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“Finding the Challenges” is an original bi-weekly column appearing every other Wednesday at Everything-Voluntary.com, by Verbal Vol. Verbal is a software engineer, college professor, corporate information officer, life long student, farmer, libertarian, literarian, student of computer science and self-ordering phenomena. Archived columns can be found here. FTC-only RSS feed available here.
What a week last week was, and where does one start? Two kids apparently made utter fools of law enforcement in one of our major cities, while blighting one of our most famous cultural events, the Boston Marathon. And in the process, it was demonstrated clearly what a bunch of clowns our so-called free media have become. And then, the United States government admitted that it had tortured, and tortured again, viciously, callously and often. One of the effects was that it was now beyond the shadow of a doubt that our highest leaders had lied, and compounded lies, to us as though we were not capable of being dealt with truthfully. You will often hear the worthwhile admonition to speak truth to power, but I think it is also time to demand that those in power begin to speak truth to us, or step aside.
How shall we continue? It will not be through knee jerk response, hand wringing, and breast beating. Being a loosely defined mob of consumers of snake oil is not working out so well for us. There is the greatest strength in the human individual, but it is a strength that will not emerge while we are content to be lied to by those who would sap it.
Let us continue to try to understand the machinery of our lives, to diagnose where the frictions create so much heat but no light, to understand what it means to be efficient, and better, to be effective, to see the larger problems and to make opportunities of them. Let us examine how crowds work versus how voluntary associations work. Then we will look at ways not to deal with the anticipation of the future. And we will finish this column by trying to deal with the greatest burden yet placed on the backs of human beings: taxation.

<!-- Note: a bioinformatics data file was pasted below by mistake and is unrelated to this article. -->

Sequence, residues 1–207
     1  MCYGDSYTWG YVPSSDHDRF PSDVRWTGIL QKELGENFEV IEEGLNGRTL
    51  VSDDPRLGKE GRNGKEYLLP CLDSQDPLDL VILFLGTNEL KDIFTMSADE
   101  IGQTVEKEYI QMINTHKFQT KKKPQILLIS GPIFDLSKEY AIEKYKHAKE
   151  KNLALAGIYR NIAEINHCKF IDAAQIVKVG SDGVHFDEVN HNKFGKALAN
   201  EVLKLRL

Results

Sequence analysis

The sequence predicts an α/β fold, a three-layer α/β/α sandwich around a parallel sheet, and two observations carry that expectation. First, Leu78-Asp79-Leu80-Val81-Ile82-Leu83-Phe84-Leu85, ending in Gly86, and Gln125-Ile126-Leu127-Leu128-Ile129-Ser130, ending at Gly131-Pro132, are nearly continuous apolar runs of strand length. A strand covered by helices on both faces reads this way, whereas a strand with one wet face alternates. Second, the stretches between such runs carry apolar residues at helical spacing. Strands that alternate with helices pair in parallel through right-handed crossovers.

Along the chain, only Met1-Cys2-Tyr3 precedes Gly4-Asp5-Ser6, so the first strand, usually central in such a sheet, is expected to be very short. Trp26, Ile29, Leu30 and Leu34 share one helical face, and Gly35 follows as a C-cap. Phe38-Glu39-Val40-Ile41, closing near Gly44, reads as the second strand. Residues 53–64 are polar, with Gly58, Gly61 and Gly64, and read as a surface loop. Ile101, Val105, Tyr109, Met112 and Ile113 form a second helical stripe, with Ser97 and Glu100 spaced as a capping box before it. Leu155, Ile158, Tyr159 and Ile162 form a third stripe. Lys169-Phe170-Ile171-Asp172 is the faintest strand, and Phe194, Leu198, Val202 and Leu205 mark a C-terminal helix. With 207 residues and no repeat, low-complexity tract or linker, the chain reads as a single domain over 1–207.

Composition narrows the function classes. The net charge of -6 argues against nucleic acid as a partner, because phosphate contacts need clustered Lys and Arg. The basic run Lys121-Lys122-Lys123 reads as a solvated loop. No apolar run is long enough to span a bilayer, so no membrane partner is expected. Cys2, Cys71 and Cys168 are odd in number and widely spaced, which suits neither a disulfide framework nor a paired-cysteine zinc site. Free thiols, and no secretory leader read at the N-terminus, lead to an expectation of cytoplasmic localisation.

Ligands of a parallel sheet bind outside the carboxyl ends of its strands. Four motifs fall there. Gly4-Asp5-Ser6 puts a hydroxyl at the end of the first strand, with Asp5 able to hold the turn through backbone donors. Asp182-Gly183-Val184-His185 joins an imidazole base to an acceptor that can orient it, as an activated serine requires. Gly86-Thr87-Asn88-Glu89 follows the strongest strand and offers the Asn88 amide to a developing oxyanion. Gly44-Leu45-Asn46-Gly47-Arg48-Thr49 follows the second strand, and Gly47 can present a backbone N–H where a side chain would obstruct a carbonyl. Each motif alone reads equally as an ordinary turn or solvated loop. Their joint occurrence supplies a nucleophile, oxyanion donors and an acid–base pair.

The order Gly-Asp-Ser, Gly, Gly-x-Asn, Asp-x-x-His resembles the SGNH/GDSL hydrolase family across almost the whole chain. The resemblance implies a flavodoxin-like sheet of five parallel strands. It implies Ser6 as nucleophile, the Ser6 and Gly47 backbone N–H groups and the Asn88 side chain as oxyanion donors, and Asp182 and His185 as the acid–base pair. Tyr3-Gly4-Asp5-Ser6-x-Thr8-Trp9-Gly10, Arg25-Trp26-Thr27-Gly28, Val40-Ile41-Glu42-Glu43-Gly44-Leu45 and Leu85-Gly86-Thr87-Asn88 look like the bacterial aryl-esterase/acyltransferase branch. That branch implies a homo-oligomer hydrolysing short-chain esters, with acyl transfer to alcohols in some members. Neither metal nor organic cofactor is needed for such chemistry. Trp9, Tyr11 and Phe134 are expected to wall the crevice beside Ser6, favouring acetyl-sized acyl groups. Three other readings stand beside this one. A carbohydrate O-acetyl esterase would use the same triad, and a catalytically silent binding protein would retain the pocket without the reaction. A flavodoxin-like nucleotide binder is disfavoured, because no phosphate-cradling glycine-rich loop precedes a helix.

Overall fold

Accord Rather Than Unity
In a recent week, Skyler Collins wrote a beautiful column on how, if we all gave voluntaryism a chance, it would give a means of supporting a very wide stripe of dreams, goals, hopes, and accomplishments. I fully agree. The banner of voluntaryism can fly over virtually all human endeavor that rejects the futility of initiated aggression and coercion.
But the verb “unite” is problematic for me. It is clear that a voluntary unity would be far superior to a coerced one. I think there may be a finer definition, however, of the behavior for which we hope. That the state should stay out of any form of voluntary agreement among two or more individuals is agreed. Furthermore, voluntary associations should stay out of voluntary external agreements between two or more of its associates. This should apply to all voluntary behavior. That generally would be better than just dealing with the cause of the moment. Wouldn’t it be better, for instance, to have a separation of state and matters of personal responsibility, rather than waiting for the government to get out of specific areas such as the marriage definition and licensing business. Must we go through the squeaky wheel paradigm, one problem at a time?
The point I am after here, though, is: what is the optimum plurality of multiple associations? I will flesh this out. It is far less reasonable to expect unity for all than to make allowances for a vast range of individual differences. The broader the principle, with a lesser number of specifics elaborated in advance, the more individuals will know what to expect from other individuals. If all associations are voluntary and under simple accords, like the non-aggression principle, there is a greater probability of desirable outcomes.
But keeping agreements within workable bounds is important also. The channels of communication used to maintain accord are extremely sensitive to overload. If you have an accord between two, there are two channels. Among three participants there are six channels, while among four there are twelve. The number of channels mount at a dizzying pace after that. If you have a few two-party accords, like me, man-woman, parent-child, editor-writer, reader-writer, you know how daunting just handling one two-party relationship can be.
In the past two days, I have listened to a few freedom-oriented podcasts that were about infighting among freedom-oriented advocates and groups. On the one hand, these disagreements appeared to weaken a sense of accord, but then the necessity of dealing with differences appeared to offset that, and sometimes eggs get cracked. Sometimes differences are what produce new accords.
However we function, though, there must be rational individualism. Uniting with irrational collectivists or irrational individualists will not work. So I am hoping for a larger encompassing phenomenon, that through natural selection rational individualism will rise, producing accord rather than unity. And, voluntaryism is foremost as an excellent form of rational individualism.
Living For The Present